When I got my fishingski (kayak) I would often go to blue lagoon in Durban and fish for snoek, I would troll halco’s and cast spoons. I would be paddeling along and suddenly you would see one jump ahead. That is when I would get my flick stick out and do some casting, it is amazing but soon afterwards it would find that spoon and chase after it and get caught. Snoek are fun, the other thing I find is if you go early before the boats get to the spots you will find them. This is exactly what happened to me with the snoek in the picture. I went out at Umhlanga before sunrise. Just south of the light house there are some rocks, and as I trolled over them I hooked into this beaut of a Snoek, what a fight. I thought it was a couta but it was just a big snoek. I had seen some action as I got out beyond back-line and tried to spoon but a guy on another kayak managed to catch that one.

I must make a plan to go and do some snoek fishing again soon.

Stealth has few second hand skis for sale ideal for that December holiday

Hi guys

We have a few second hand skis that are available. All the skis have been checked out.

  • Supalite 2006 model -suitable for someone around 5 ft 10 tall. Two tone blue deck and light grey hull R3000-00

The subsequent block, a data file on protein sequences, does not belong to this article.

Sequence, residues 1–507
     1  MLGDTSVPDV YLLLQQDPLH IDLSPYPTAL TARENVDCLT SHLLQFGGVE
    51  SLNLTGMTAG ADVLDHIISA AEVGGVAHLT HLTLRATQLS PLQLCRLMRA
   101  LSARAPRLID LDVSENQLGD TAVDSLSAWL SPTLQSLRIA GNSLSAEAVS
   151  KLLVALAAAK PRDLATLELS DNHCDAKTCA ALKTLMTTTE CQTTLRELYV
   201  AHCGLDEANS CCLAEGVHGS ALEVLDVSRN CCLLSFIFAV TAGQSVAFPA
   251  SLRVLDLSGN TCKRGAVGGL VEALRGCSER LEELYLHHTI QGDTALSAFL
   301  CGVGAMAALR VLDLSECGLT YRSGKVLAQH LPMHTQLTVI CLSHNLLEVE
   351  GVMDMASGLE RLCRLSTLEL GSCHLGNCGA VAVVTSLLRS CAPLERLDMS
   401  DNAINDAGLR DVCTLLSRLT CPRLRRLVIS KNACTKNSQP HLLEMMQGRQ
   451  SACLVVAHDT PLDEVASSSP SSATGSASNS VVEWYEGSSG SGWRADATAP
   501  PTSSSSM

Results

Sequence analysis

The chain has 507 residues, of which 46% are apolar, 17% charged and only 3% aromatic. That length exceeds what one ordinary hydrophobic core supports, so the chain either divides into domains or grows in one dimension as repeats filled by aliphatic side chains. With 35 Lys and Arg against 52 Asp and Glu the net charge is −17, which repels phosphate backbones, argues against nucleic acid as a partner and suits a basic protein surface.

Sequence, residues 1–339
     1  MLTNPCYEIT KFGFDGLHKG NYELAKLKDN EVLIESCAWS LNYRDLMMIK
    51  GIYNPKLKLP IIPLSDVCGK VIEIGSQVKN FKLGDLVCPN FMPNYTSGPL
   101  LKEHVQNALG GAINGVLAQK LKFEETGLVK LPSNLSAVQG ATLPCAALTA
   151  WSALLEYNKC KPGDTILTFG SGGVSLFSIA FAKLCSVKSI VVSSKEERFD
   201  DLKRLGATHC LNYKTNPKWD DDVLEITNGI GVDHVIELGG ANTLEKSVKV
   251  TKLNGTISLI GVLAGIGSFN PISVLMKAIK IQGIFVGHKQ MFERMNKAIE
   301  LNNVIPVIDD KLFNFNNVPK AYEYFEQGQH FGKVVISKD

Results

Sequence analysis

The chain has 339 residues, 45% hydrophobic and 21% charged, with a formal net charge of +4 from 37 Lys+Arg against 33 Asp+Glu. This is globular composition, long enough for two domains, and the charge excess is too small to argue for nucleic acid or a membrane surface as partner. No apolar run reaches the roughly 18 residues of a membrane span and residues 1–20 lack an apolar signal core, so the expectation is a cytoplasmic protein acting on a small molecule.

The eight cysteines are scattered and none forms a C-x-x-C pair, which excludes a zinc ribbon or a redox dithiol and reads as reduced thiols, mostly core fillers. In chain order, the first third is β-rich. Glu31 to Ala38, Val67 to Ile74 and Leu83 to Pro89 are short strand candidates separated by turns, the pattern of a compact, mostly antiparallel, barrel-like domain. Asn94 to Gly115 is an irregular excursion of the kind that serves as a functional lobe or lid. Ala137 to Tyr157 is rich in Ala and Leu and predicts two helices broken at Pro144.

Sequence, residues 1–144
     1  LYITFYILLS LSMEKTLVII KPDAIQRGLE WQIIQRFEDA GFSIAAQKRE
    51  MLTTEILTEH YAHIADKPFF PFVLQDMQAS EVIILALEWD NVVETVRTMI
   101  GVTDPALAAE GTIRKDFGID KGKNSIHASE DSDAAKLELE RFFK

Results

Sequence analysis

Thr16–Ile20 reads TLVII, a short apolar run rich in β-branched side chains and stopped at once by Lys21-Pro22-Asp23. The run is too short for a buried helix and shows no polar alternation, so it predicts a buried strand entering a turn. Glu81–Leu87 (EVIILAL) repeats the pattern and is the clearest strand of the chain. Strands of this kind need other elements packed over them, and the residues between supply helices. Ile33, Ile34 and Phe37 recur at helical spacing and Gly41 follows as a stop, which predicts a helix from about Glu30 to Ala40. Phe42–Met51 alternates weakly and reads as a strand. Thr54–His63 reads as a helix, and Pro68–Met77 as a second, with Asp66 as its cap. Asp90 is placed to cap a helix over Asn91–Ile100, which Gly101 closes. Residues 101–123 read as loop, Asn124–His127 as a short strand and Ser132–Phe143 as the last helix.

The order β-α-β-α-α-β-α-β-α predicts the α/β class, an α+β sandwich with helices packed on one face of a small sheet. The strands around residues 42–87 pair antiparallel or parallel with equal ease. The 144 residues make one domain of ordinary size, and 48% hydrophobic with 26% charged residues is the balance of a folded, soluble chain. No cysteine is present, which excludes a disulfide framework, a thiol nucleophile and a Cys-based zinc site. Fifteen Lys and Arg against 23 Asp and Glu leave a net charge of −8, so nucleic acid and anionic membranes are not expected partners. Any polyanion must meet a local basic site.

• Supalite 2007 medium blue deck with a white hull suitable for someone around 6 ft tall. R3200-00
  • Duo- old shape 2009 model. two tone blue deck with a white hull. ski in excellent condition. Adjustable leg lengths R6500-00
  • Erics double fishing kayak- Red and yellow deck and a white hull. R3500-00.
  • Evolution 495 – demo condition.Light grey deck with a carbon kevalr hull and fish box.An excellent buy. R8000-00. fixed or adjustable foot length
  • Evolution 465 grey and red hull and deck. fixed or adjustable foot length. R6500-00
  • Erics Kingy- yellow deck and a white hull.Adjustable leg length. very good condition.R5500.00

Please contact Brett or Merlin at Stealth for more information. or

Stealth Surfa Kayak, waveski or paddle ski

Surfa kayakSurfa is a Plastic rotomoulded kayak now available at